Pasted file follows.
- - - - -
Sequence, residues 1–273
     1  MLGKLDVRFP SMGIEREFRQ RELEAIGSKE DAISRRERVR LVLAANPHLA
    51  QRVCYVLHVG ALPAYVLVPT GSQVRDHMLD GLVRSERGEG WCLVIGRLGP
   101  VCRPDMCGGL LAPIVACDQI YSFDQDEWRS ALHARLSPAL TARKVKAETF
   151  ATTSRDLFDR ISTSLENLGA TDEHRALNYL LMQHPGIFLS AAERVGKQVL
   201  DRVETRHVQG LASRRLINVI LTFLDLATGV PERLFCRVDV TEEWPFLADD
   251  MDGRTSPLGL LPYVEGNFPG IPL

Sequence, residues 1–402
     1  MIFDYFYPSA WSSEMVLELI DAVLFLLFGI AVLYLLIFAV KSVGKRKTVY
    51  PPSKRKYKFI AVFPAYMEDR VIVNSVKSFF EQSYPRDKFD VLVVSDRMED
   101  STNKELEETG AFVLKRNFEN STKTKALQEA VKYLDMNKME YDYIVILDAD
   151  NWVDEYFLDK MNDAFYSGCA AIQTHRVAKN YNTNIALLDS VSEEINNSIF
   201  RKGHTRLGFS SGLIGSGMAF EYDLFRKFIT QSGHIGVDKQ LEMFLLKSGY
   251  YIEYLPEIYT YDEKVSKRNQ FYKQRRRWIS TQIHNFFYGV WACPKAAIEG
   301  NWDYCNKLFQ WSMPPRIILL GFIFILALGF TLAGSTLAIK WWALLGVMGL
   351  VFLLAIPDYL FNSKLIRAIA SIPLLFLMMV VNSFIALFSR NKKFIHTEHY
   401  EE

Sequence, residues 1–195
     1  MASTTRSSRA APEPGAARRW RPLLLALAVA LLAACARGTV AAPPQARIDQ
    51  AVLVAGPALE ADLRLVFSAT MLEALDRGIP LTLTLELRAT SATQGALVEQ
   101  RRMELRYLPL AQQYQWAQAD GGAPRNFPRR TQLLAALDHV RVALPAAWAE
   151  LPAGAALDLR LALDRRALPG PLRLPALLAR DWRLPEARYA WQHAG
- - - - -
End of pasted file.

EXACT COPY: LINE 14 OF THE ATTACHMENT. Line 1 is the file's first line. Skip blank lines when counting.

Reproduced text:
   251  YIEYLPEIYT YDEKVSKRNQ FYKQRRRWIS TQIHNFFYGV WACPKAAIEG